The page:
Etymology
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yeti (n.)

1937, from Sherpa (Tibetan) yeh-teh "small manlike animal." Compare abominable snowman (under abominable).

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jumart (n.)

fabulous hybrid animal, 1680s, from French jumart, jumare, from Provençal gemerre, gemarre, a word of uncertain origin.

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pheromone (n.)

"chemical released by an animal that causes a specific response when detected by another animal of the same species," but the exact definition is much debated; 1959, coined (by Karlson & Lüscher) from Greek pherein "to carry" (from PIE root *bher- (1) "to carry," also "to bear children") + ending as in hormone.

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umbles (n.)

"edible inner parts of a deer or other animal," c. 1400, see humble.

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toxin (n.)

"organic poison," especially one produced by bacteria in an animal body, 1886, from toxic + -in (2).

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vicuna (n.)

Peruvian ruminant, c. 1600, from Spanish vicuña, from Quechua (Inca) wikuna, the native name of the animal.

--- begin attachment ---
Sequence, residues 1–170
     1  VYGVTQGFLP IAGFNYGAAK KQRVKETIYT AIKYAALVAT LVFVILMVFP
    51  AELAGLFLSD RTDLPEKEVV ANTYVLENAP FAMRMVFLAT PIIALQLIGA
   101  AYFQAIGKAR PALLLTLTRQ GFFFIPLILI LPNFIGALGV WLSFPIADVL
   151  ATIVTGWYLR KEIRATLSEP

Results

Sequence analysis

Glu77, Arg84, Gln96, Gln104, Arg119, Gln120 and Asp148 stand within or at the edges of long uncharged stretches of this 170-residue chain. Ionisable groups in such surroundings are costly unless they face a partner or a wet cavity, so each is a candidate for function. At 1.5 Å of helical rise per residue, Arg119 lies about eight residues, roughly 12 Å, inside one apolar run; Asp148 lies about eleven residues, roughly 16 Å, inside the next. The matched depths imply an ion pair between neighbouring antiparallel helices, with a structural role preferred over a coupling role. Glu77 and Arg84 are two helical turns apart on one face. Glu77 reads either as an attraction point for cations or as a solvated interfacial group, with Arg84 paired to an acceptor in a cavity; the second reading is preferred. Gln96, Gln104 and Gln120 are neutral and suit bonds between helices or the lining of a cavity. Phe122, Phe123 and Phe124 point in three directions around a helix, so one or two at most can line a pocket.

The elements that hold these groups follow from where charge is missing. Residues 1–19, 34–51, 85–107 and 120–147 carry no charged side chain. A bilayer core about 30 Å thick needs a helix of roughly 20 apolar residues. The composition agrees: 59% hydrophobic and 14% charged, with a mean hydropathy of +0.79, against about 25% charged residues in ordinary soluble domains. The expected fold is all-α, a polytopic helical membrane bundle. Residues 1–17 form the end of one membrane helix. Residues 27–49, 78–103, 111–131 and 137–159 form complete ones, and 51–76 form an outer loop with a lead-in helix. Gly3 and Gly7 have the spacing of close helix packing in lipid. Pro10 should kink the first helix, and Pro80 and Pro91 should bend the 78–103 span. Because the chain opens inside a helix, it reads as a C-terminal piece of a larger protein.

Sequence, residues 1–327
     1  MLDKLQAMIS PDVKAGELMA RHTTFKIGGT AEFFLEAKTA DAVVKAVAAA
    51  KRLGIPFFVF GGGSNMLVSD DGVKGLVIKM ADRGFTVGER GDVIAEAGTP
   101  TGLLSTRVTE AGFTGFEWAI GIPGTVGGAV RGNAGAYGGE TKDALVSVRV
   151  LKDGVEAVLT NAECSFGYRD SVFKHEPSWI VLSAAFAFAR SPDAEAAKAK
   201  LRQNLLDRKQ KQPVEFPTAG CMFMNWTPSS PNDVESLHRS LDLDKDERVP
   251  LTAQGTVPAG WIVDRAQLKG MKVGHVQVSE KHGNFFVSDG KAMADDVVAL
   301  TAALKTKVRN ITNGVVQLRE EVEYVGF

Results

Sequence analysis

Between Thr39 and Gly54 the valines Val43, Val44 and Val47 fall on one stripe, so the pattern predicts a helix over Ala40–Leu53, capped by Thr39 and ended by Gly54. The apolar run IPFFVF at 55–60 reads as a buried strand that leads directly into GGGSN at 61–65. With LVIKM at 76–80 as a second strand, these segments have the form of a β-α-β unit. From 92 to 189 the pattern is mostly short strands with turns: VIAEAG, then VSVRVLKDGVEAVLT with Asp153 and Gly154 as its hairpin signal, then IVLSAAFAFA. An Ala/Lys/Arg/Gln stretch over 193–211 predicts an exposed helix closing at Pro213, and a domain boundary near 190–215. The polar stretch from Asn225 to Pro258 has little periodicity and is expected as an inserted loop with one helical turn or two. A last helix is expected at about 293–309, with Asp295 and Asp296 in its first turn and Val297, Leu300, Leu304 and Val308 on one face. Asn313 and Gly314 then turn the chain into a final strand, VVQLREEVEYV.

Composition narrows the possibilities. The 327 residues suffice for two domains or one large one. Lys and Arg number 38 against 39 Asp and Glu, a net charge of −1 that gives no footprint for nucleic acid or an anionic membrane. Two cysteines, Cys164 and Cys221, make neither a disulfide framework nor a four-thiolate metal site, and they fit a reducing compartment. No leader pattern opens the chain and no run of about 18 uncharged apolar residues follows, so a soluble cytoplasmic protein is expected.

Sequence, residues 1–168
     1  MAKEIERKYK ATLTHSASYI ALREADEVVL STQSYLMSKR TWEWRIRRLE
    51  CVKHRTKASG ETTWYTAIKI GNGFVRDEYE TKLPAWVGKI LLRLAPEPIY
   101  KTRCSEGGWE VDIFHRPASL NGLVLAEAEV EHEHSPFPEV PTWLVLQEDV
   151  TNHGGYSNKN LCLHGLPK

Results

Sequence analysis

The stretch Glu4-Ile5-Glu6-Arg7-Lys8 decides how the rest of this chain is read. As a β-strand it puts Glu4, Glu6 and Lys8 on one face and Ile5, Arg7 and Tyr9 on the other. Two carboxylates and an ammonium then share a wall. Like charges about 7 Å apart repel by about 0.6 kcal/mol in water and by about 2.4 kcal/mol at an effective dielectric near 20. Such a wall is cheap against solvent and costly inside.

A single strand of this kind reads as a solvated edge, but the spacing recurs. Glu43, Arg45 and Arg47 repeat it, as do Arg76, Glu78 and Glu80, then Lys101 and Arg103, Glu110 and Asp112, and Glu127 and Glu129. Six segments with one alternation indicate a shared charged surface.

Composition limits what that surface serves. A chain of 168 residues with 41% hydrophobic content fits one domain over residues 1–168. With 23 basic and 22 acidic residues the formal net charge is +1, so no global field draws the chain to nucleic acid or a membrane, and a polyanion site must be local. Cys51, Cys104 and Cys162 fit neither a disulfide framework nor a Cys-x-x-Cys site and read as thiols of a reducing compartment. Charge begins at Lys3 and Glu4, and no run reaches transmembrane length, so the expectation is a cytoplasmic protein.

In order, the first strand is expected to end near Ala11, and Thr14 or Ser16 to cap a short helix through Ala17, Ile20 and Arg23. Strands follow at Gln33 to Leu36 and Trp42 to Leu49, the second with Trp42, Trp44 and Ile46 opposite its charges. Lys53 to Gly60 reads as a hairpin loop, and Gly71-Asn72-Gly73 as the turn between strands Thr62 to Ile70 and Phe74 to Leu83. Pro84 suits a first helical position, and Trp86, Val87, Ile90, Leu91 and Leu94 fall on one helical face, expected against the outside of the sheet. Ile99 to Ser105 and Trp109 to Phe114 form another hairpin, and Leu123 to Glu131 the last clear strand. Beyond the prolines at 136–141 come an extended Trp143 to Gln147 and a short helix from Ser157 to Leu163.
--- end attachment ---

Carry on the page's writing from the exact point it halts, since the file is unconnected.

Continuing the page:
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chordate (adj.)

1885, "pertaining to or characteristic of the Chordata," from Chordata. Also from 1885 as a noun, "a chordate animal."

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political (adj.)

1550s, "of or pertaining to a polity, civil affairs, or government;" from Latin politicus "of citizens or the state" (see politic (adj.)) + -al (1). Meaning "taking sides in party politics" (usually pejorative) is from 1749. Political prisoner first recorded 1860; political science is from 1779 (first attested in Hume). Political animal translates Greek politikon zōon (Aristotle, "Politics," I.ii.9) "an animal intended to live in a city; a social animal":

From these things therefore it is clear that the city-state is a natural growth, and that man is by nature a political animal, and a man that is by nature and not merely by fortune citiless is either low in the scale of humanity or above it ... inasmuch as he is solitary, like an isolated piece at draughts. [Rackham transl.]
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caudal (adj.)

"pertaining to or situated near a tail," 1660s, from Latin cauda "tail of an animal," which is of unknown origin, + -al (1).

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pet (adj.)

1580s, of an animal, "fondled and indulged," from pet (n.1). Of a thing, material or immaterial, "favored, favorite," by 1826.

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